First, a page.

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Today on UpAlong - Happy Friday!
 
  Headline: St. John's Destoryed
Horrible Sight

It's the anniversary of the Great Fire of 1892. The Great Fire in St. John's on July 8, 1892, is remembered as the worst disaster ever to befall the city.

At approximately five o'clock in the afternoon on the July 8, 1892, a dropped pipe in Timothy Brine's stable at Freshwater Road at the top of Carter's Hill began what would become the worst fire in St. John's history. Initially the fire did not cause any widespread panic, however a series of catastrophic coincidences caused the fire to spread and devour virtually all of the east end of the city, including much of its major commercial area before being extinguished.

Rev Moses Harvey witnessed the initial stages of the fire and remarked to his friend that it "was a bad day for a fire. A high wind from the north-west was blowing, hurling the sparks far and wide on the roofs of the clusters of wooden houses. For a month previous hardly any rain had fallen, and the shingled roofs were like tinder." The situation was exacerbated because of work completed earlier in the day on the water mains. Although water flow was re-established by 3 p.m., two hours before the fire began, water pressure was insufficient to force water up into the higher sections of the city where the fire began. W. J Kent remarked that the "flames therefore made headway before water was procurable, and as a very high westerly wind was furiously fanning the fire it began to spread rapidly."

An hour into the blaze the people of St. John's realised that the fire could not be contained in the area of Brine's farm. Because locals believed stone walls would withstand the flames, residents moved valuables into numerous stone buildings in the city. One of the most common refuge areas was the Anglican Cathedral of St. John the Baptist. The ....

 

  Card Game Rules - 120's

Nothing says Newfoundland fun like a good, old-fashioned game of 120’s.


Visit the 120s page for the complete listing.

A Bit of History and Background
It’s a game that spans generations, one that untold numbers of Newfoundlanders have learned at the kitchen table with only a well-worn deck of cards and the patient instruction of a parent or grandparent.

It’s something to do for a laugh — throw in a few dollars, build up a little kitty.

The 120s version of choice there is partners, three sets of two. There’s so many different ways of playing the game: there’s call-for-your-partner, partners — you can even play on your own.

The game involves a dash of skill, a pinch of luck — and a healthy dollop of social interaction. There is a bit of skill involved,- even if you’re lucky enough to get the cards, you’ve still got to know how to play.

The card game many Newfoundlanders know as 120s has many different monikers: among them are Auction and Growl. There is also an abbreviated version of the game called 45s, usually just played by two or three people.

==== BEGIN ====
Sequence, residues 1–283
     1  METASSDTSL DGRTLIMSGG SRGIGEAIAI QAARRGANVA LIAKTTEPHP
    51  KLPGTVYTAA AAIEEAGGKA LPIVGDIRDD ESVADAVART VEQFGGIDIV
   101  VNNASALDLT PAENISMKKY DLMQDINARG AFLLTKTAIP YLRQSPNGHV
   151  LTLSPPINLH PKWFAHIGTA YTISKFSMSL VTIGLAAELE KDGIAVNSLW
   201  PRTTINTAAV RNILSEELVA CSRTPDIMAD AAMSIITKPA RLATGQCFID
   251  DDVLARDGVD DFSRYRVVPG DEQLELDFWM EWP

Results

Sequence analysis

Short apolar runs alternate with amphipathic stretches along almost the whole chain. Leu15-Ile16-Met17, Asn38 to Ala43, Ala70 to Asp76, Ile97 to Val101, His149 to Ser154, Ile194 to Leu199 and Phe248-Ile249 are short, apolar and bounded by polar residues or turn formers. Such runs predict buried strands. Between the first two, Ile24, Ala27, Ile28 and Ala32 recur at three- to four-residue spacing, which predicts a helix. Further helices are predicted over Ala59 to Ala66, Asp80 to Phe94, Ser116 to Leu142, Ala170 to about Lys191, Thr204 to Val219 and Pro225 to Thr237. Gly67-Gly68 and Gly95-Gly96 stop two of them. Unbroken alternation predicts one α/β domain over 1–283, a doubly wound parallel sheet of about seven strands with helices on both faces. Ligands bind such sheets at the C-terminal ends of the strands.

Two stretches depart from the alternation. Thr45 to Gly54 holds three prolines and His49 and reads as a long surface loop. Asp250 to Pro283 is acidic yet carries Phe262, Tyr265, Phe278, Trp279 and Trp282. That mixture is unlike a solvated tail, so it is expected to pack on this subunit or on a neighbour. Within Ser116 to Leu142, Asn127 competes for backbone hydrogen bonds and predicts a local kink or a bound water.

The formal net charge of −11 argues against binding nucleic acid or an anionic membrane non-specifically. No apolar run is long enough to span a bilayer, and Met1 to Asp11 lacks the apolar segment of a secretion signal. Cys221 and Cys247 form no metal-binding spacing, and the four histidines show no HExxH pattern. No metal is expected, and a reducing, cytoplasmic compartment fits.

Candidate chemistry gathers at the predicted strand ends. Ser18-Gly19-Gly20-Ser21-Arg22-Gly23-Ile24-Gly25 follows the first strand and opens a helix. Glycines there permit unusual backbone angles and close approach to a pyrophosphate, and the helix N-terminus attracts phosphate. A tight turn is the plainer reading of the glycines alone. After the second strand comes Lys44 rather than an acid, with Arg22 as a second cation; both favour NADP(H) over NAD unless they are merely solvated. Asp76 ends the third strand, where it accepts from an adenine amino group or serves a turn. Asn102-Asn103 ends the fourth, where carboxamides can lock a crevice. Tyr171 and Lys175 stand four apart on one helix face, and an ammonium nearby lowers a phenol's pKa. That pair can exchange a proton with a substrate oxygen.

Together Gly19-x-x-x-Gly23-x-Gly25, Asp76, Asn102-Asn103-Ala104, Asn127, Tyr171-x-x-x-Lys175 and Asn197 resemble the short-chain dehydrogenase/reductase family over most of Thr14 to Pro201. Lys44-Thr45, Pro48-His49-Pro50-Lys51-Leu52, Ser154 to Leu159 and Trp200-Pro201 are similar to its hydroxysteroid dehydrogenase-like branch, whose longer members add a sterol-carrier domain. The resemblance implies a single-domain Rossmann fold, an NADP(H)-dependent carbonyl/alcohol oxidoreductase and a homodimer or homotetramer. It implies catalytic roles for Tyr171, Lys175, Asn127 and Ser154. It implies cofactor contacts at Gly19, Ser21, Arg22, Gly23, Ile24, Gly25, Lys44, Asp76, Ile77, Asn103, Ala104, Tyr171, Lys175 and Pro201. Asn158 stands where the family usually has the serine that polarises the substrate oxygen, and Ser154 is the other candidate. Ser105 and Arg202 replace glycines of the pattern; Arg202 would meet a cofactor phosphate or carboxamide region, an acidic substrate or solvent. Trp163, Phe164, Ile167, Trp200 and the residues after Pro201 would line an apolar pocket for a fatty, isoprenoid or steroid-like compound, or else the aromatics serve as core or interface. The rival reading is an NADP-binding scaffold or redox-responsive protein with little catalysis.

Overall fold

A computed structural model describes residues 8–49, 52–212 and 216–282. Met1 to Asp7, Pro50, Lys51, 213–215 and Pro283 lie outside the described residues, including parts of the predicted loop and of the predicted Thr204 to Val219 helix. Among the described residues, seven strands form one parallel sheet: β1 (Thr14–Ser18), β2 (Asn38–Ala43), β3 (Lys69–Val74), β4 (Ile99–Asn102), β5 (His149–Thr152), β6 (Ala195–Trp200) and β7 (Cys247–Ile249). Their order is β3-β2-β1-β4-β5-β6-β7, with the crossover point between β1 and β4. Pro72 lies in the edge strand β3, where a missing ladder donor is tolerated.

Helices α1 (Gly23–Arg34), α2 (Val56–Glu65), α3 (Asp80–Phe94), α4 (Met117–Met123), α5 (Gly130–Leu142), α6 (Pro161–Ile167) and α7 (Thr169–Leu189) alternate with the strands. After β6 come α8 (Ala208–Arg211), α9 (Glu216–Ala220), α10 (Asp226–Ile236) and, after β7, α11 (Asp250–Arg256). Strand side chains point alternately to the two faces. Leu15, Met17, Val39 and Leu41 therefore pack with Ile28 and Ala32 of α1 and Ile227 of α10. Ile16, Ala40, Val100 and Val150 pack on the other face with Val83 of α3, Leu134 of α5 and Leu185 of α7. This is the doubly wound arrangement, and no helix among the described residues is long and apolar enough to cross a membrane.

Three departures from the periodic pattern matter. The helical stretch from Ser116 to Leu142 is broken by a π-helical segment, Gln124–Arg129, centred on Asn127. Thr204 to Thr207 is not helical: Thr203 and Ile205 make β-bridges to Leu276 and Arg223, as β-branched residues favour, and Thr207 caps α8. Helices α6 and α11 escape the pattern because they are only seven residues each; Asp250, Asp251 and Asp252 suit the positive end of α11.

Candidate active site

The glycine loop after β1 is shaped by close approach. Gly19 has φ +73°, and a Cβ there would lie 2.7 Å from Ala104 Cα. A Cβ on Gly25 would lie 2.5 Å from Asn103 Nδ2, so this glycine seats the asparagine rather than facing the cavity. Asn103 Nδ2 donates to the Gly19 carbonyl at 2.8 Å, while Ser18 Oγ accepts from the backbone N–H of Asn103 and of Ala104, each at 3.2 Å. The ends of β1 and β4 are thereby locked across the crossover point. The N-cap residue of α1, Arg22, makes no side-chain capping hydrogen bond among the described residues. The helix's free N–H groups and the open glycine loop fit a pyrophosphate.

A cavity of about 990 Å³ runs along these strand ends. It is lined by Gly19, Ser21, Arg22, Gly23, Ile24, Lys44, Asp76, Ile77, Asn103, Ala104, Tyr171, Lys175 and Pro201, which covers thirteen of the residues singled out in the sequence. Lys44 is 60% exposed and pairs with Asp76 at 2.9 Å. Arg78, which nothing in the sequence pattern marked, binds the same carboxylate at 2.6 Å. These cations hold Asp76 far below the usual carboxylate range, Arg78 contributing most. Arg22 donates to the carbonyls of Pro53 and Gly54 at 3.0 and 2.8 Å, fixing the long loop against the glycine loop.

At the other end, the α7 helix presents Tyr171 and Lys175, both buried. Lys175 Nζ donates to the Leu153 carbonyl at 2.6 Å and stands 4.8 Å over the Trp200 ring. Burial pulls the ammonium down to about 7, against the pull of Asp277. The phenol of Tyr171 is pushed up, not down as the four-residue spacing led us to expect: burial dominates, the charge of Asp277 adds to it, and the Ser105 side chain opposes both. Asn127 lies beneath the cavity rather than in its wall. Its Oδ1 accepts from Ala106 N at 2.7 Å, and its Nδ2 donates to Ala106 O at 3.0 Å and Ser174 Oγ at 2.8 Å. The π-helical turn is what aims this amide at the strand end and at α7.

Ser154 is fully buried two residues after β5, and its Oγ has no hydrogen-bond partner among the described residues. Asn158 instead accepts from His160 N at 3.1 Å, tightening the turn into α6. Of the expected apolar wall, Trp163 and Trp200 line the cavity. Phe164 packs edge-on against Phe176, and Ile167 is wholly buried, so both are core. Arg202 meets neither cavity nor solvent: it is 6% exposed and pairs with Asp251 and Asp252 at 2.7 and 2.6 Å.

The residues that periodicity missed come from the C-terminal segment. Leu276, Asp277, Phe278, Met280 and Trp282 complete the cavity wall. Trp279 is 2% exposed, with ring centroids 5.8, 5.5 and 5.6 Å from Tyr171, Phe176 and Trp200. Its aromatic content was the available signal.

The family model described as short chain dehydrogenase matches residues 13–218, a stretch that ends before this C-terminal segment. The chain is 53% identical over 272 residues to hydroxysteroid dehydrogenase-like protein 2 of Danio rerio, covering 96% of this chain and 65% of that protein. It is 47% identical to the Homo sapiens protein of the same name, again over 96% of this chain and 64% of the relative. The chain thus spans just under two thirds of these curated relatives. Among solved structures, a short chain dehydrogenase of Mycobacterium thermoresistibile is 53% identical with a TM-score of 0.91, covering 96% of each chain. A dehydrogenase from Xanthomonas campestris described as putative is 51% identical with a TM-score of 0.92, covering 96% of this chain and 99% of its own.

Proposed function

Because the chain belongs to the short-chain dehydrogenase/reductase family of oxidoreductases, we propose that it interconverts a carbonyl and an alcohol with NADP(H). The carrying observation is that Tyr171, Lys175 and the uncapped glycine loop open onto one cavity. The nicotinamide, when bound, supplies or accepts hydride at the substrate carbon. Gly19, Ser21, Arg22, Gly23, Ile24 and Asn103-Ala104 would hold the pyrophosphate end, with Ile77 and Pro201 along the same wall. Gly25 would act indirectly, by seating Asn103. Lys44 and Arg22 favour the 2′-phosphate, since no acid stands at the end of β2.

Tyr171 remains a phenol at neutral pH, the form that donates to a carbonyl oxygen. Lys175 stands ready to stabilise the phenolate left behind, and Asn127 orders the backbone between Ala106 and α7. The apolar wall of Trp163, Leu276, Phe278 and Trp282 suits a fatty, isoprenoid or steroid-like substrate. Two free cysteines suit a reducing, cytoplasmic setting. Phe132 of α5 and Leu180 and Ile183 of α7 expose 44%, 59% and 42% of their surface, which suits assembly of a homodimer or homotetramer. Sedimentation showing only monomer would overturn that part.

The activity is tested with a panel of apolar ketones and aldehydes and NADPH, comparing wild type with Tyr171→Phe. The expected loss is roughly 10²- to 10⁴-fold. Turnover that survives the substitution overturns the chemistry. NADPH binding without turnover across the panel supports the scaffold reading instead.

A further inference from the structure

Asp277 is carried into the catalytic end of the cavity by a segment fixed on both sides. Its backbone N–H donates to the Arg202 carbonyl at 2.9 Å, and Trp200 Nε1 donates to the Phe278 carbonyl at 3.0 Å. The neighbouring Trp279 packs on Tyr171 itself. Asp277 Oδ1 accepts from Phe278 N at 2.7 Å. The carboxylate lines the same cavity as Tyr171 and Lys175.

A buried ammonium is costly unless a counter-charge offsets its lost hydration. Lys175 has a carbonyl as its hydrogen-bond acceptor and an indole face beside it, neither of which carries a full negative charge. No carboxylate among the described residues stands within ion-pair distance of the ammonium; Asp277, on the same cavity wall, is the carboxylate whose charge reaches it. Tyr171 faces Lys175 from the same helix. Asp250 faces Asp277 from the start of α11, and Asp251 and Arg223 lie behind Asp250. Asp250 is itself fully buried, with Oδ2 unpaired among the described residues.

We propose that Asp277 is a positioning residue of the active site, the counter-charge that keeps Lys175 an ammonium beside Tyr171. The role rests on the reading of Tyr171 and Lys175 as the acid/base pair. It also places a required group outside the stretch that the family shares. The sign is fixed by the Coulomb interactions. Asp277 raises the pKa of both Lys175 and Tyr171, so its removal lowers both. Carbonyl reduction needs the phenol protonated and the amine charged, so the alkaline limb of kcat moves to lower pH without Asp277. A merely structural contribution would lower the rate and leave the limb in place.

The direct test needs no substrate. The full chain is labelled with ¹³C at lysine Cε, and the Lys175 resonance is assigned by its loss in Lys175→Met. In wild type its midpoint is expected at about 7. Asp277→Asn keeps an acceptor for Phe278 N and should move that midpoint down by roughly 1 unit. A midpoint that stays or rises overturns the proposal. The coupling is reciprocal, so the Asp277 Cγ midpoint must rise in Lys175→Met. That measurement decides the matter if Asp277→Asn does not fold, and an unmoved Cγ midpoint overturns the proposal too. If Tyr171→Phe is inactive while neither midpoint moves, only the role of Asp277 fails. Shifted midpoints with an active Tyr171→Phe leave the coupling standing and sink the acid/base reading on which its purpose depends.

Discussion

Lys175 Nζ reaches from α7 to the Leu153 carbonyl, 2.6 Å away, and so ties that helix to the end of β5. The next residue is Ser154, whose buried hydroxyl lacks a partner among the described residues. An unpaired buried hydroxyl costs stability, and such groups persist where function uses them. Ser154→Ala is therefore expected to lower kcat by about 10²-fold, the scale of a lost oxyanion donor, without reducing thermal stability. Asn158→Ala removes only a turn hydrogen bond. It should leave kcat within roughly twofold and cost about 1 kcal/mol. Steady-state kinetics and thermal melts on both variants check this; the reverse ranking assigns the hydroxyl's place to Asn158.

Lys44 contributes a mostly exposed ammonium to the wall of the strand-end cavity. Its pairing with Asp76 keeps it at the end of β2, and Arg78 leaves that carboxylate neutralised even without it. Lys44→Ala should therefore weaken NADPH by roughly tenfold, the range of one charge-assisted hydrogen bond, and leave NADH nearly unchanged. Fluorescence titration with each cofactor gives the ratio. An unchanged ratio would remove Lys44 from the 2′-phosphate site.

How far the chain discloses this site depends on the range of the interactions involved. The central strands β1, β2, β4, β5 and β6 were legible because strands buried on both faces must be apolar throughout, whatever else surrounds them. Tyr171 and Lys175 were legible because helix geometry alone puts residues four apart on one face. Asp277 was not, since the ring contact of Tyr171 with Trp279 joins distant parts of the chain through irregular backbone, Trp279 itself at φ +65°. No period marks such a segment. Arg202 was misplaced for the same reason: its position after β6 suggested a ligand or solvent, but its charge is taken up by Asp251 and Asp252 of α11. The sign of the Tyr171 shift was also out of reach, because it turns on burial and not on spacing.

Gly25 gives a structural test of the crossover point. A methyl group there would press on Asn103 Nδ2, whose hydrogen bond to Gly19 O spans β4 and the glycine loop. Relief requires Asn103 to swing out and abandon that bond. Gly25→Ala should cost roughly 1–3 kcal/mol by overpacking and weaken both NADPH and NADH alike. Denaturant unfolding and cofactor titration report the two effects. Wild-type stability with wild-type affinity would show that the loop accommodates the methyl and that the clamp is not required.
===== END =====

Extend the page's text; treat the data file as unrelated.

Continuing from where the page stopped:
It’s also undeniably a part of the rich fabric of Newfoundland and Labrador life. Many a dining room table is scarred by wedding rings slammed down in the joy or frustration of playing a particularly passionate card.

The game’s roots are thought to trace back to Ireland and Scotland in the mid-16th century, when it was called Maw, then Spoil Five. It is believed to have made its way from there to Newfoundland and parts of Nova Scotia.

This card game evolved in rules and name as it travelled from Scotland and Ireland to Newfoundland and Nova Scotia and ultimatel ....

 

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  Dart Player Turns Pro

Outport dart player Tom Clayton announced at the Hotel Newfoundland that he was joining the Canadian Pro Dart circuit, effective immediately, if not, sooner.

After 20 some-odd years of carrying his various teams to victories of home-made knitted socks and frozen turkeys, Tom figured that his skills are on par, if not more so, with the pro’s.

“I’m WAY beyond the days of tearing up me flights, and jumping on me darts”, said Tom, “and my ulcers have all healed, so I figured its time to take playing darts to the next level.”

Some of Tom’s old team-mates are excited that he has finally decided to turn pro.

“He’s some good, bye”, relates Joe Keeping, “We’ve been telling he for years that he’s much better than those guys on the CBC. Sure those guys don’t even drink a beer while their playing. Ole Tom only gets better with the more beer he drinks. Either that, or we all gets worse.”

Canadian Pro Dart officials published on their website this: “We are excited and proud that Tom Clayton has finally joined our ranks. We look forward to bearing witness to his multiple tuns.”

We here at UpAlong.org wish Tom all the best.

....

 

  Devastating: New Mary Browns “Skinwich” doesn’t actually exist
Heart-ache.

For those who longed to sink their teeth into five layers of crispy chicken skin, Canadian cheese and bacon, Mary Browns spokesman, John Bayman, has some bad news. Tonight he confirmed that the "Mary Skinwich" was “just the result of someone having a little fun online”.

“While there is nothing like the taste of the Mary Browns recipe,” Bayman wrote, “the best way to enjoy it is on a piece of Mary Browns chicken.”

 

  
Heart-ache.

For those who longed to sink their teeth into five la ....


 








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